All Employers are advised to have a grievance procedure for employees to use, if they are unhappy with any of your working conditions.
In April 2009 the Statutory Grievance Procedure was repealed so for Grievances occurring after 6th April 2009 (or 3rd April 2011 in Northern Ireland) the new ACAS code of Practice on Disciplinary and Grievance Procedures should be followed. We look at the Code and what your Employer should provide here.
The emphasis of this new Code is to try to resolve grievances informally, without reverting to a formal procedure, or to resolve them with the help of a 3rd party (mediator). The Code sets out the basic requirements of fairness that should be applicable in most cases. Grievances should be handled promptly and without unreasonable delay and any evidence obtained by the Employer should be reliable and ideally corroborated.
Failure of an Employer to follow this new Code does not in itself make an Employer liable to Employment Tribunal proceedings. However, an Employment Tribunal will take the Code into account and can reduce or increase awards given to an Employee, depending on whether the Employer and/or Employee have followed the Code.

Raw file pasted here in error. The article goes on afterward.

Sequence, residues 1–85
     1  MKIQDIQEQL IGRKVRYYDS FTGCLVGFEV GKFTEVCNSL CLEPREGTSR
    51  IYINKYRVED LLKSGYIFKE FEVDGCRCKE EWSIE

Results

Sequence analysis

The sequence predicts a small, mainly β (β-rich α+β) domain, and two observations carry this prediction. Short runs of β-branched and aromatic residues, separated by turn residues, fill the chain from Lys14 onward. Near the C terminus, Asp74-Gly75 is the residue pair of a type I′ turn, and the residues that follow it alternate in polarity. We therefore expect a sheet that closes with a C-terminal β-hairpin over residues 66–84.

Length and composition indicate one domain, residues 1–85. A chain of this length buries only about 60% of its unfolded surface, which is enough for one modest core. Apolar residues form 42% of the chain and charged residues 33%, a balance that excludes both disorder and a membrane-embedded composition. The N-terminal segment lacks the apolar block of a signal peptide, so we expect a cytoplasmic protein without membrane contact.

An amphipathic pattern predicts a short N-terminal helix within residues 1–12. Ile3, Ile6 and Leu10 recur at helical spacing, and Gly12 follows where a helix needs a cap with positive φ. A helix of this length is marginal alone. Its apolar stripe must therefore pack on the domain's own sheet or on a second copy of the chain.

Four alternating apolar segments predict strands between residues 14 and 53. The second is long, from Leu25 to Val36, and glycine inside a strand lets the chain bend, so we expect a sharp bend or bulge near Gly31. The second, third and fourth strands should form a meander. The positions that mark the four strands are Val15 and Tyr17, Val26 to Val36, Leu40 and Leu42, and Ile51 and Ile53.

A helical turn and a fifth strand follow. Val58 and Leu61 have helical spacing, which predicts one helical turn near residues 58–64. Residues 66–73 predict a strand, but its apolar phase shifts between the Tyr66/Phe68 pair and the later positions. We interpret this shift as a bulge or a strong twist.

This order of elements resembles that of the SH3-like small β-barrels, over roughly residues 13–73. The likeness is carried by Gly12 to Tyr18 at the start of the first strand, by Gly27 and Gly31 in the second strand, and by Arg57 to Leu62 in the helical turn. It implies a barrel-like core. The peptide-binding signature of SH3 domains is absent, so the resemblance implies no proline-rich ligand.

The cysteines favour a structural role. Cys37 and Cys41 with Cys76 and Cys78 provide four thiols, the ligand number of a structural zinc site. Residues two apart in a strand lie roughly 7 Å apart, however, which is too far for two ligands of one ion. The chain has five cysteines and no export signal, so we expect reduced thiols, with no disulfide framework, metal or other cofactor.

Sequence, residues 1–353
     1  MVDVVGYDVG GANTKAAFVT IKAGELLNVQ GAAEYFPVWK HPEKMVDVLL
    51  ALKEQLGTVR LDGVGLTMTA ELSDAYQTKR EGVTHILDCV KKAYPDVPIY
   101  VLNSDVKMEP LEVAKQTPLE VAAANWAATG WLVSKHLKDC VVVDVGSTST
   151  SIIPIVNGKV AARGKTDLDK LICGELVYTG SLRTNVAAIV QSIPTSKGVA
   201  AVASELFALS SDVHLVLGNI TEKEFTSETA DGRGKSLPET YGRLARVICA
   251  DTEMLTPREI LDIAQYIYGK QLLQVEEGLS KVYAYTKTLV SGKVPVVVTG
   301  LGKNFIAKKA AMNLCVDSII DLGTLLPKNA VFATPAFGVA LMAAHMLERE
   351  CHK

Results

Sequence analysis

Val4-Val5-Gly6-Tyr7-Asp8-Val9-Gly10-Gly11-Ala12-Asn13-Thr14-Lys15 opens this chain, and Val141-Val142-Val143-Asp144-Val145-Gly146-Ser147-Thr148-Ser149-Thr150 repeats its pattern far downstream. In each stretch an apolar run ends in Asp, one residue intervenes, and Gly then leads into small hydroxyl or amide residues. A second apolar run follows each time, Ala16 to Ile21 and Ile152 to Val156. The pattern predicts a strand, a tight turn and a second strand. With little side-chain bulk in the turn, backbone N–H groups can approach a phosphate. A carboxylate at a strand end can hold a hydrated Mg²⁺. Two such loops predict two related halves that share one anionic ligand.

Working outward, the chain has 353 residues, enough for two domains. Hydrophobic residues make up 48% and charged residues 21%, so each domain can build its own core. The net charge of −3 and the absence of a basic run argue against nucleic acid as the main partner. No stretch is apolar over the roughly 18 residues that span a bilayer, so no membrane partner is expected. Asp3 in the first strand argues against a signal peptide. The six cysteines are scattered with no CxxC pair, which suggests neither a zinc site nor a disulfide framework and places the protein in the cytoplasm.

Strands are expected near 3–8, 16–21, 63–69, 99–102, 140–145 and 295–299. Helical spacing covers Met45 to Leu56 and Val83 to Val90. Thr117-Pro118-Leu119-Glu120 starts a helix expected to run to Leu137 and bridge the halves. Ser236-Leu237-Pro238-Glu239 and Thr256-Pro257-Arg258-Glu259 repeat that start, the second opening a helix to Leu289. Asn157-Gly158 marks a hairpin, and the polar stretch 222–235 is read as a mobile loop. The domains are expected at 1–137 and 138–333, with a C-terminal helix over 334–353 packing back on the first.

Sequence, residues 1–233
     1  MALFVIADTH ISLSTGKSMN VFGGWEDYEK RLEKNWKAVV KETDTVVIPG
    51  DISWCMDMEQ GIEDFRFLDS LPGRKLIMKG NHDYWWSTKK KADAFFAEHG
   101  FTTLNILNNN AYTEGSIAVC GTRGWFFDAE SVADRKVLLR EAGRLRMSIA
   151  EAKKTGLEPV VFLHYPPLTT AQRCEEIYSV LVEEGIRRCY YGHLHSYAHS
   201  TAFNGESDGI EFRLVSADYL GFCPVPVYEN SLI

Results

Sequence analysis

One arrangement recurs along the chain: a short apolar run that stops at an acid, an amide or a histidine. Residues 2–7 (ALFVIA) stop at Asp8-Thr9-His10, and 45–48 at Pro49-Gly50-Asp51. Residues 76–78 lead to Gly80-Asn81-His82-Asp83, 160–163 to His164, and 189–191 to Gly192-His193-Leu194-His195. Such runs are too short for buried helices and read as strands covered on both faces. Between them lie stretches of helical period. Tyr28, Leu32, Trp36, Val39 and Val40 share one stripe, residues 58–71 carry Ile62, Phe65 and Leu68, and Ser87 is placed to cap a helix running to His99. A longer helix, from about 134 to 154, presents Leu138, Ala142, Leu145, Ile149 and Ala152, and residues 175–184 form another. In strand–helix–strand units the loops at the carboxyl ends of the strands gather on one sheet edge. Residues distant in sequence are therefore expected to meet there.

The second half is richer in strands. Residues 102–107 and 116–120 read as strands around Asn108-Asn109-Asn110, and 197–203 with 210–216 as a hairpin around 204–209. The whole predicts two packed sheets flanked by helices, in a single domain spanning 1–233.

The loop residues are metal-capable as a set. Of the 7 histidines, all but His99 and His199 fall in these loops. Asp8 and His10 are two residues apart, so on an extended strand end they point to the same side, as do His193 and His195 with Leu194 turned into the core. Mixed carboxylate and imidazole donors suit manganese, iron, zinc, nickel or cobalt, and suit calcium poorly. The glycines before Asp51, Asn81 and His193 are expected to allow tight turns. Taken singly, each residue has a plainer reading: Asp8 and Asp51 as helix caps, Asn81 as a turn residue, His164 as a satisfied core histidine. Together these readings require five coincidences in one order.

Where Employees raise a grievance during a disciplinary process (see information about Disciplinary Procedures) the Disciplinary process may be suspended in order to hear the grievance, although if they’re about the same issue they may be heard and decided together.
Keys to handling grievances in the workplace –
The employee lets the employer know the nature of the grievance
- If it’s not possible to resolve a grievance informally, employees should raise the matter formally and without unreasonable delay with a manager who’s not the subject of the grievance. This should be done in writing and should set out the nature of the grievance.
- Read more in the full article.